As I said earlier, to a six year old, sharing is about giving something up. To adults, to Christians, to me, sharing is about much more than that. It’s about what our values are and how we live our lives as a reflection of those values.
Christ teaches us that living our lives in fear and separation from others is wrong. He shows us that there is enough; if we take care of each other, if we share what God has provided, there is and there will always be enough.
I think about these values all the time especially when I’m asked to give of myself, or give of my family. I don’t always say “yes”. I am human and kind of selfish. One of the things I like about the Church I go to is that, as a group, we can say “yes” where individually I might have to say “no”.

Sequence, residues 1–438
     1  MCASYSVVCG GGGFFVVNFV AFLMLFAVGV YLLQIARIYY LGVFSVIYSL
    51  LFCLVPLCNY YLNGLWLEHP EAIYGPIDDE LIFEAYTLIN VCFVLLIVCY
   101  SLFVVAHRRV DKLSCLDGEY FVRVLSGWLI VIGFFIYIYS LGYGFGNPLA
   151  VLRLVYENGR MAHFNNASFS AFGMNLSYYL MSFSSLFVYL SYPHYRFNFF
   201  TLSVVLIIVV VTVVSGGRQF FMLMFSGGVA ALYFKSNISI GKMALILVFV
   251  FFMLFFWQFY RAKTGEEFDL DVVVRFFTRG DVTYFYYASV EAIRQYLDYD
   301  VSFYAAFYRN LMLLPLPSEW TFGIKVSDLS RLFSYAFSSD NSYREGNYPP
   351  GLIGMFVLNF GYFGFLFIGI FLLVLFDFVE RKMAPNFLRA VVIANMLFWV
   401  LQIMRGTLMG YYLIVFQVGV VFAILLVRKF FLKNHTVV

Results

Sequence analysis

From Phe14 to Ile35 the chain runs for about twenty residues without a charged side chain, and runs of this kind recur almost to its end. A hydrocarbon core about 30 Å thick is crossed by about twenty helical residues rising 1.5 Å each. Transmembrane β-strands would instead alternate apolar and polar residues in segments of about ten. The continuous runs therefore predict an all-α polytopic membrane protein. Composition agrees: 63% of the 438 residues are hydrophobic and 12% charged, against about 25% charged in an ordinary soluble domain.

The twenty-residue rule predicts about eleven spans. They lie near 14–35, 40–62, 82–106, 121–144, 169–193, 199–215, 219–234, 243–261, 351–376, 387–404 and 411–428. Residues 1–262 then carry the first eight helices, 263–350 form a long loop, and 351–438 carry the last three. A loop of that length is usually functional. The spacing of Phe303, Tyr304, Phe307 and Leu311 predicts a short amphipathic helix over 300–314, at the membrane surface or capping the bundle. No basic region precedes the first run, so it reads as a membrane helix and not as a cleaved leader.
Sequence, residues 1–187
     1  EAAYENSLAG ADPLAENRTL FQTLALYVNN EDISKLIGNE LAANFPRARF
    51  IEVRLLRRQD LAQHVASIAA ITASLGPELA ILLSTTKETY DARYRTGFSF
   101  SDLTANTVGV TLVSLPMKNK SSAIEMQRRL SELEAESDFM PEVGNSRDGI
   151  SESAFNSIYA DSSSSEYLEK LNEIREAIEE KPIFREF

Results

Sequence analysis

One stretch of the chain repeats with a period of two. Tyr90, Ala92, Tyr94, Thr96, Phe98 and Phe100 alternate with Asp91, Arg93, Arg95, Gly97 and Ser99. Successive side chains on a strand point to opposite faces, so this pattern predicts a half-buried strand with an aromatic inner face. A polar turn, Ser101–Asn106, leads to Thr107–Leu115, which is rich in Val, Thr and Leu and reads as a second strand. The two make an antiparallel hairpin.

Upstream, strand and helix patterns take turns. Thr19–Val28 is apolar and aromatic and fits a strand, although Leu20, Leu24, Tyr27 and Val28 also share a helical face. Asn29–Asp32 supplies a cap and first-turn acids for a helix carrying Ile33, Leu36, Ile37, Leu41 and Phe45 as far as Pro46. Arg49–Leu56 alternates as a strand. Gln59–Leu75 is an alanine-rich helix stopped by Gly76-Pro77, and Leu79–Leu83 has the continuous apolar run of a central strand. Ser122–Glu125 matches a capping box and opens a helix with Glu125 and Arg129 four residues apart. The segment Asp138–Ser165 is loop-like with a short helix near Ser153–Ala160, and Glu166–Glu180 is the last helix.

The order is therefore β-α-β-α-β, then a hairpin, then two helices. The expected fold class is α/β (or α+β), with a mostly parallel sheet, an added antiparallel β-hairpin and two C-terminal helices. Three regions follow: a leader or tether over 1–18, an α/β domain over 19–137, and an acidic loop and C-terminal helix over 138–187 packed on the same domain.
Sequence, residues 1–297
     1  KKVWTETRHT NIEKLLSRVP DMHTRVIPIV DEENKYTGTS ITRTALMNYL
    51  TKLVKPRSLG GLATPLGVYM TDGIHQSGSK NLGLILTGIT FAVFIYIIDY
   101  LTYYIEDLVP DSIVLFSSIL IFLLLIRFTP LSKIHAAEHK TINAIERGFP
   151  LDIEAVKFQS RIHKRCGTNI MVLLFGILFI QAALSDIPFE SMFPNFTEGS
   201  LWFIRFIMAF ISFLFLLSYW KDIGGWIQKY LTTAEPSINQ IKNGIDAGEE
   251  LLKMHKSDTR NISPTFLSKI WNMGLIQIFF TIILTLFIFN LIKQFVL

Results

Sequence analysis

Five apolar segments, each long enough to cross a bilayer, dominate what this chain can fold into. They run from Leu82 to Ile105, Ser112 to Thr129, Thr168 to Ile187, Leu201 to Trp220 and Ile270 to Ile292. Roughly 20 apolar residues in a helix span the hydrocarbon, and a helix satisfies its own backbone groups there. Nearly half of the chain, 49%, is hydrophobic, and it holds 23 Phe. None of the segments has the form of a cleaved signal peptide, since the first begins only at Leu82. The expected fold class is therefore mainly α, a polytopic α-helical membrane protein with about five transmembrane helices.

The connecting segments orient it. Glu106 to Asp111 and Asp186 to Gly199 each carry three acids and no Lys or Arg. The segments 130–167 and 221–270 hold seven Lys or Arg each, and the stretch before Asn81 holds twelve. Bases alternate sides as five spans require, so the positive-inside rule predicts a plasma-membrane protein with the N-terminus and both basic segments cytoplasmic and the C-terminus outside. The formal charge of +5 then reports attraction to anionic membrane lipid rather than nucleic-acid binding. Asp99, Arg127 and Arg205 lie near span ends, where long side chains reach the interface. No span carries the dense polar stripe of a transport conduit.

Naturally, and rightly, I see more charity from our church than I do from our government. But I also see more justice done as a result of this institution’s commitment to Christ’s teachings.
Yet I worry about christianity’s commitment to justice. When we fret needlessly about political affiliations, we endanger ourselves in our relationship with God. I for one can’t see why I would bring policy concerns and political necessity to God’s word and say “Yeah I get that thing about taking care of the least among us, but it’s really hard, so it’s okay if we don’t right? I mean, who’s going to pay for it? What if they work harder than we do? Why can’t they just stay away from us?”
God shows us, and as a country our own history shows us, when we carry messages of bounty and sharing, rather than messages of doom and fear, we don’t just individually benefit, we all enjoy a richer, fuller and more rewarding life. What we give up we don’t really need anyway. It’s the same thing the ghosts of Virginia taught us to give up. God only asks us to share what has been given to us.
Though life may not be fair all the time and we must, as Christ taught us, live our lives to create a more fair future.